A government agency is to spend nearly £12m researching endemic livestock diseases to identify better ways to treat affected animals and reduce their cost to the industry.

The Biotechnology and Biological Sciences Research Council is leading a programme supporting 10 projects across the UK. Other partners include the Scottish Executive, DEFRA, the British Pig Executive and animal health companies Pfizer and BioBest.

It is hoped that the research will generate better scientific understanding of the behaviour and spread of diseases which can then be used to improve their management and control. The projects include:

  • Bovine tuberculosis – this project will investigate the Mycobacterium bovis bacterium that causes infection to see if new strains are evolving that alter the animal’s immune response to evade control
  • Bovine mastitis – causing pain and stress, this affects over one million cattle per year at a cost to the dairy sector over £200m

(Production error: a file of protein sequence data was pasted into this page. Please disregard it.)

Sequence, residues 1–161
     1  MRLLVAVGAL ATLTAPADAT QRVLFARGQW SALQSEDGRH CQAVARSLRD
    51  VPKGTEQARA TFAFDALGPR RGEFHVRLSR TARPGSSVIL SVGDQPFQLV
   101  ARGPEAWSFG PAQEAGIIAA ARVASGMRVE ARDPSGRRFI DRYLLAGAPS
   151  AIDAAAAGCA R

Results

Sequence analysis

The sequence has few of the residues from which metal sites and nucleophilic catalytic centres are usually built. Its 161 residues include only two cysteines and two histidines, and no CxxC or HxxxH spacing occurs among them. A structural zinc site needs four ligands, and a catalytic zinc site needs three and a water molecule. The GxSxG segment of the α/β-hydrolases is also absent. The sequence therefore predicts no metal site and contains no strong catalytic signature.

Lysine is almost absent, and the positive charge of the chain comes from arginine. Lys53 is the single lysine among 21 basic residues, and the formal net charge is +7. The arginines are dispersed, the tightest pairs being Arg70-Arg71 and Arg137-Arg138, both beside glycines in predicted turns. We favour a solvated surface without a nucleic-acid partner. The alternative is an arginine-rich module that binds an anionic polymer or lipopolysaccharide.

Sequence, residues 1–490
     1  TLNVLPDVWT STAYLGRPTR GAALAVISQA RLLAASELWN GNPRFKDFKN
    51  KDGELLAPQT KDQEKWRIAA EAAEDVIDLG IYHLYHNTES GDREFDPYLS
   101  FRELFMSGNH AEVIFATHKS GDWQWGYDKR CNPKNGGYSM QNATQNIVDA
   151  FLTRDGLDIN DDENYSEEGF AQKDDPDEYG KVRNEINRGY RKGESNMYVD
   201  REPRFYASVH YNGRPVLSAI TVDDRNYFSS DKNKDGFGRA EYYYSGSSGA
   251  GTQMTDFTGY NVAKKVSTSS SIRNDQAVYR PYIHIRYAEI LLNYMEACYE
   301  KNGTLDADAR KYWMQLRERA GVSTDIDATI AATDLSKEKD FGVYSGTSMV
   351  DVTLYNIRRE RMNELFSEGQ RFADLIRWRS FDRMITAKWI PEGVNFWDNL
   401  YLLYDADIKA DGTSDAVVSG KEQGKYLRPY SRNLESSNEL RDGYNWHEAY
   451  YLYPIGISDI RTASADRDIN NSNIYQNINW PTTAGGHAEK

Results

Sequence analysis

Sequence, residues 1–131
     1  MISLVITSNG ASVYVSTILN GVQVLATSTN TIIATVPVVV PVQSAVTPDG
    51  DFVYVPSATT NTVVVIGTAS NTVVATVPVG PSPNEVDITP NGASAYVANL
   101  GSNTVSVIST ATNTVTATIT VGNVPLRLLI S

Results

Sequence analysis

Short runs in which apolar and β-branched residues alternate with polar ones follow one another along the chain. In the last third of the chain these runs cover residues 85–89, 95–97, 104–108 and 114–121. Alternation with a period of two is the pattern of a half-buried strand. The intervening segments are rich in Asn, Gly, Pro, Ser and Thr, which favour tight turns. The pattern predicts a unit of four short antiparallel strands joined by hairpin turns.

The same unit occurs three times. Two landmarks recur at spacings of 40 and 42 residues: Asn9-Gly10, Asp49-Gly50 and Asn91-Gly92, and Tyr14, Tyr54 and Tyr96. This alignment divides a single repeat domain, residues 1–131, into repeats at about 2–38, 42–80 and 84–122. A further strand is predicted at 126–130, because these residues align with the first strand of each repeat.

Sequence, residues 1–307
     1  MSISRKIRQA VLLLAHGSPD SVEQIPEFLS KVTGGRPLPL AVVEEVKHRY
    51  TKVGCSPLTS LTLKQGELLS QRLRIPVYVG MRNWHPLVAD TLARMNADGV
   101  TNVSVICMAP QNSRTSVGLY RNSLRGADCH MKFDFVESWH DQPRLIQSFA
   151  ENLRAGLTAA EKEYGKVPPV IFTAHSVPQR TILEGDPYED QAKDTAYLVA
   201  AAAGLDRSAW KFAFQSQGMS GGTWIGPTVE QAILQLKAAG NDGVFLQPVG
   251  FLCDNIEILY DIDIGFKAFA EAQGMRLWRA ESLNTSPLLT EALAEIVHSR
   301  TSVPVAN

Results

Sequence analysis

• Footrot in sheep – a painful condition costing the sheep sector about £31m a year. Little is currently known about the bacterium causing footrot. This project seeks to improve understanding and advise farmers on better control methods
  • Post-weaning multi-systemic wasting syndrome – since 1999 this has spread across the UK pig sector causing wasting, diarrhoea, pneumonia and jaundice. This project will consider what causes the disease to appear and identify ways to control it.

NFU president Peter Kendall said: “All research into combating livestock diseases is news the industry welcomes, but the harsh reality is these areas have been underfunded for too long. The importance of agriculture suggests more resource should be directed, and recent global events reinforce the NFU’s position that agriculture is becoming increasingly important. It’s pleasing to see that government is beginning to recognise its responsibility to the sector.”

BBSRC director of science and technology Nigel Brown said: “These projects are targeted at bringing the country’s world-class science to bear against some of the most damaging diseases.”

  • See Livestock, page 39 for more details